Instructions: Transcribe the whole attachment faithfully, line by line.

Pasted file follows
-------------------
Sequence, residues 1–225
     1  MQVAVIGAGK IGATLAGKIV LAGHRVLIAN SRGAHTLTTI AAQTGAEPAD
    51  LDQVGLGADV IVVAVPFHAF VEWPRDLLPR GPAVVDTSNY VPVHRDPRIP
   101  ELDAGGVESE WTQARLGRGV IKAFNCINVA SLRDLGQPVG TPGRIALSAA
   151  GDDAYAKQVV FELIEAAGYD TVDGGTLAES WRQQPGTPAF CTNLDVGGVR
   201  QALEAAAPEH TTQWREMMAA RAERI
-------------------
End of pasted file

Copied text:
Sequence, residues 1–225
     1  MQVAVIGAGK IGATLAGKIV LAGHRVLIAN SRGAHTLTTI AAQTGAEPAD
    51  LDQVGLGADV IVVAVPFHAF VEWPRDLLPR GPAVVDTSNY VPVHRDPRIP
   101  ELDAGGVESE WTQARLGRGV IKAFNCINVA SLRDLGQPVG TPGRIALSAA
   151  GDDAYAKQVV FELIEAAGYD TVDGGTLAES WRQQPGTPAF CTNLDVGGVR
   201  QALEAAAPEH TTQWREMMAA RAERI